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Column: Crop Watch - Some kinks emerge after quick start; N. Dakota ditches corn

FORT COLLINS, Colo. (Reuters) - Most of the U.S. Crop Watch farmers got an early start to corn and soybean planting this year, but cool, wet conditions have held back growth, and in Indiana, the early start to soybean planting unfortunately did not pay off.

FILE PHOTO: Raw corn is shown as it is unloaded for processing at the Lincolnway Energy plant in the town of Nevada, Iowa December 6, 2007. REUTERS/Jason Reed/File Photo

The North Dakota corn was planted on May 23, the 14th Crop Watch field sown, though only 9% of the field could be completed due to extremely wet conditions. The North Dakota soybeans and the Ohio corn are the only two fields still to be planted.

Warmer-than-normal temperatures are expected to move through most parts of the Corn Belt over the next two weeks, though at different times, but some of the farmers are frustrated because recent forecasts that had called for more heat did not pan out.

Crop Watch 2020 follows one corn and one soybean field in eight major U.S. Corn Belt states, and these are the same eight growers who participated in the 2018 and 2019 versions of Crop Watch. Weekly updates will be issued for these fields from now until harvest.

The producers will assign a numerical rating to their crops on a weekly basis, both for condition and yield expectations, but the ratings will not officially begin for at least another week to allow for more emergence.

The following are the states and counties of the Crop Watch corn and soybean fields: Griggs, North Dakota; Freeborn, Minnesota; Burt, Nebraska; Rice, Kansas; Cedar, Iowa; Crawford, Illinois; Boone, Indiana; Fairfield, Ohio.

IMPERFECT START

Although condition ratings have not officially started, the Crop Watch farmers in Iowa, Illinois and Kansas would rate both of their crops at a 5 out of 5, which is comparable to the U.S. Department of Agriculture’s “excellent” category.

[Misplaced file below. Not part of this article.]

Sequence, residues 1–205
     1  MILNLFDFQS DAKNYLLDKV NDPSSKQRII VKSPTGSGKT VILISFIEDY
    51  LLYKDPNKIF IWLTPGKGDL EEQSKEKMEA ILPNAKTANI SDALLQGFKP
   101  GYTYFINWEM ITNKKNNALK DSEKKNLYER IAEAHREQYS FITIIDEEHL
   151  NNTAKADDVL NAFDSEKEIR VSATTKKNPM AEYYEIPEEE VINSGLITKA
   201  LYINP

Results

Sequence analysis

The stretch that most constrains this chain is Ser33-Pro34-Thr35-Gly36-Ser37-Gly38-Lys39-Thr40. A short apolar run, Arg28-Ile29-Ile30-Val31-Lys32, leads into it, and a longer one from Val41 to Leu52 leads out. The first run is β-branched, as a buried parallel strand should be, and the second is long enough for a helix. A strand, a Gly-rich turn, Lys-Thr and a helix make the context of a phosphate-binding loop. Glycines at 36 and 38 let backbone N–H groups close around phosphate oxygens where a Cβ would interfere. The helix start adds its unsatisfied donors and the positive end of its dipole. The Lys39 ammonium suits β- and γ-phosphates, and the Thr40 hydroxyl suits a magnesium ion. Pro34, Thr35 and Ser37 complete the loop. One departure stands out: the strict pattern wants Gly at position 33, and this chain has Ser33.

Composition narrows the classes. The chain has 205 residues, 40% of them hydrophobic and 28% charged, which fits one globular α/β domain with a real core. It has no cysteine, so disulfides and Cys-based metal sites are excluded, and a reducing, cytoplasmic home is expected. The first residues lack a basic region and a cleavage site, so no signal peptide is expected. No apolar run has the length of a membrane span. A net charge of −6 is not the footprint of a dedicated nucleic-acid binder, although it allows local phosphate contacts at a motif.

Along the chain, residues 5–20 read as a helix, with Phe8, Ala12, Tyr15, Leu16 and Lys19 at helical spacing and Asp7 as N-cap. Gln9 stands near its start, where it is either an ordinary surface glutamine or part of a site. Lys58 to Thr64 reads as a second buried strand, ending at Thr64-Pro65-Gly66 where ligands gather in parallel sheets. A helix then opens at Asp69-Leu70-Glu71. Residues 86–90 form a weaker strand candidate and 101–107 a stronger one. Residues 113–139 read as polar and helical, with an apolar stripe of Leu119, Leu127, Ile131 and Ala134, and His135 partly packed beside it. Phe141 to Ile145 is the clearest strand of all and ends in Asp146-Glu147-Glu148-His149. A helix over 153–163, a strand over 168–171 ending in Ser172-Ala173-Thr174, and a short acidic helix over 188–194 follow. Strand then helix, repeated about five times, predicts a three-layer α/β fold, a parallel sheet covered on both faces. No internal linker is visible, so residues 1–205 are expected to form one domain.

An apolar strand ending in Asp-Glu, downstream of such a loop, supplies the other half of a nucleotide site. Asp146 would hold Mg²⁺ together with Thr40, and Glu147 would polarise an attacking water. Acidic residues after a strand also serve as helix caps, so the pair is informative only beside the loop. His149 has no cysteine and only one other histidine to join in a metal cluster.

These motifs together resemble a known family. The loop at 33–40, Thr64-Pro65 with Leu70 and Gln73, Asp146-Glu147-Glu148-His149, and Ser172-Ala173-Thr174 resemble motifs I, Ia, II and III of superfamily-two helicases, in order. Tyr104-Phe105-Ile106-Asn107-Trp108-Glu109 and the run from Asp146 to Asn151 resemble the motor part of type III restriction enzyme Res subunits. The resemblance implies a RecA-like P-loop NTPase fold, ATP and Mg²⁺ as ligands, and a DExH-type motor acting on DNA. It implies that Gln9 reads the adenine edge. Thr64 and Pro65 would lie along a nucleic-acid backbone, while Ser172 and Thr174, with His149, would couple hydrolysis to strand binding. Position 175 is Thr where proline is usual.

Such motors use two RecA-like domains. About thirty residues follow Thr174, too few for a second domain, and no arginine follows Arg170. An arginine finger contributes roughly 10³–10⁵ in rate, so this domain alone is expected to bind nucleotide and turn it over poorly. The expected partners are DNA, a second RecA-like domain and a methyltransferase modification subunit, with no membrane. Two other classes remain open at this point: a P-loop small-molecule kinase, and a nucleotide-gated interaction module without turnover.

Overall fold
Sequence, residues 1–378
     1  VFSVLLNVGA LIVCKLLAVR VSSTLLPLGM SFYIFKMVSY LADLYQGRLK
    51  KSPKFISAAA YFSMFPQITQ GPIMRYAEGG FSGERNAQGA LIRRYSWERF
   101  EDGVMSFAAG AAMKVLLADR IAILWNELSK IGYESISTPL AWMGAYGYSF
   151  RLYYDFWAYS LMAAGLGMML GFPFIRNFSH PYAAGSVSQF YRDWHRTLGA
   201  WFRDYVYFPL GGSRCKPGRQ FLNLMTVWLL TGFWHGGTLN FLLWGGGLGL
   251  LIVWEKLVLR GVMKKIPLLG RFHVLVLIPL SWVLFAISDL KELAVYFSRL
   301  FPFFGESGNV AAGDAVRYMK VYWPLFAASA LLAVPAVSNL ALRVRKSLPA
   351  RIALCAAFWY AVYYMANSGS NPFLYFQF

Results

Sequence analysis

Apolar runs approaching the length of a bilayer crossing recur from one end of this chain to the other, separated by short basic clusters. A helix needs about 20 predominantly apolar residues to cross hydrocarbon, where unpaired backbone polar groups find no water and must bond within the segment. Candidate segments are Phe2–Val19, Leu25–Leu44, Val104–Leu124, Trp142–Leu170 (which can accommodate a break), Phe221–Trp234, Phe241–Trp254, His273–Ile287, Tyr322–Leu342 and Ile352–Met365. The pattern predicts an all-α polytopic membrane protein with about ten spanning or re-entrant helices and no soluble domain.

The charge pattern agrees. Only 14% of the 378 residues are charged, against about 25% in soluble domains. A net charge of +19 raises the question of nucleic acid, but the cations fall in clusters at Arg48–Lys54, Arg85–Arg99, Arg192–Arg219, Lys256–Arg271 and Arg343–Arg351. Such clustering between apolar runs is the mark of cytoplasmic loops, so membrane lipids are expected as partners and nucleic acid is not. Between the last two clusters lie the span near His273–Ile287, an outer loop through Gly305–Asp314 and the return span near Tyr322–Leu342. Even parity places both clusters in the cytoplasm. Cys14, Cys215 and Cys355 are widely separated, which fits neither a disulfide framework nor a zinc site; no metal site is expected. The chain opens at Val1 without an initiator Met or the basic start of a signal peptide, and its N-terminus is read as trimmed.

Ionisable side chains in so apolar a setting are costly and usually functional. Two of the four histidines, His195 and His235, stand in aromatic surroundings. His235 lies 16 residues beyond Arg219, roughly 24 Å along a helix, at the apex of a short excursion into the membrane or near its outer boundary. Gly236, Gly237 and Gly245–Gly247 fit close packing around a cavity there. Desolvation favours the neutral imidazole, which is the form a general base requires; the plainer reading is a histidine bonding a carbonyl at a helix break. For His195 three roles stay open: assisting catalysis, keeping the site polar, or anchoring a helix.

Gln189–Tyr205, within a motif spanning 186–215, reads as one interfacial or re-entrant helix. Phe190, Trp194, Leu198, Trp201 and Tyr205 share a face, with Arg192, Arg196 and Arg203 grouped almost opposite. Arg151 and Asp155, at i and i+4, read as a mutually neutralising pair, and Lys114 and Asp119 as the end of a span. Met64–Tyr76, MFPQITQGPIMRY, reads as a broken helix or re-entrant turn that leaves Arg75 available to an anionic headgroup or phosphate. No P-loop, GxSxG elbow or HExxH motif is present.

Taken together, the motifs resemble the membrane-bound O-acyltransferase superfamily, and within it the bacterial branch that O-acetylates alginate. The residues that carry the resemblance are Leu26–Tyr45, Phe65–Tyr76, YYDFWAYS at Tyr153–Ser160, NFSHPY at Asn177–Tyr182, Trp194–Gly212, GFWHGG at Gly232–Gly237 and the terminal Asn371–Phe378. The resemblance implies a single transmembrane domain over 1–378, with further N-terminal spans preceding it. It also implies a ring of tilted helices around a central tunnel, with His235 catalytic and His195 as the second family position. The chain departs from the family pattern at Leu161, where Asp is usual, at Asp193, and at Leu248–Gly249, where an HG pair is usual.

In Illinois, the Crop Watch fields are just about in the best-ever condition for the date, but not all is rosy there. The grower reports that up to one-third of his corn, which does not include the Crop Watch field, will likely need to be replanted since it did not emerge following heavy rains earlier this month.

Replanting has befallen the Indiana soybeans after an extremely cold snap damaged the plants in early May. It was planted on April 6, the earliest Crop Watch field to be sown, but will need to be entirely replanted early this week.

Not all the Indiana grower’s early planted soybeans fell victim to the frost, but a significant portion of his total acres will need a redo. The corn recovered well from the frost.

Dry conditions plagued the northeast Nebraska fields this spring, and the crops did not get off to a great start. Recent rains have helped, however, and the producer generally rates his crops in good, but not great, condition.

The crops in southern Minnesota are also in good condition, but like the corn and soybeans in Iowa and Nebraska, growth has been very slow since planting because of cool, wet weather.

The Ohio producer planted 80% of his Crop Watch soybeans on May 17, but rain grounded him from planting until Monday morning, when he finished the rest of the field. He hopes to plant corn later this week.

The Ohio corn was planted on May 6 in 2018 with excellent results, and it was the final corn field planted last year, on May 22, also with excellent results. The grower is not yet concerned about yield potential with what will be a later planting date.

LESS CORN IN NORTH DAKOTA

In east central North Dakota, the final planting date outlined in crop insurance policies for corn was Monday. The Crop Watch grower reports that although field conditions improved last week with warmer, windier weather, it came too late to make a difference for corn planting.

The 290-acre Crop Watch corn field was planted on Saturday, but only 25 acres were seeded, and the grower will file an insurance claim on the rest of the field. There is no incentive to plant corn past Monday or to switch to other crops with such low prices and high uncertainty.

The Crop Watch producer planted 1,100 acres of corn in 2019 but will have only 120 acres in 2020. In addition to the subject field, he was able to get small portions of two other fields planted on Friday.

He estimates the excessive moisture problems are prominent in about eight to 10 surrounding counties, which combine to produce about 45% of North Dakota’s corn crop in a normal year. The grower predicts up to 30% or more of planned corn acres in those counties may switch to prevent plant.

Crop Watch will proceed with the 25 acres of corn as normal, evaluating yield potential on that patch against typical yields for the field. This will help to gauge growing conditions in east central North Dakota throughout the summer, but there will always be an asterisk around the acreage situation.

The final date to plant soybeans in east central North Dakota is June 10, and the current forecast is for mostly drier and warmer conditions in the next several days. The grower hopes to seed the 150-acre soybean field within the next week.

This year’s soybean field was last year’s corn field, which was harvested on March 12. The North Dakota soybeans were planted on May 29 in 2018 and June 2 in 2019. Yields were above average in 2018 but terrible in 2019.

The opinions expressed here are those of the author, a columnist for Reuters.

Editing by Matthew Lewis

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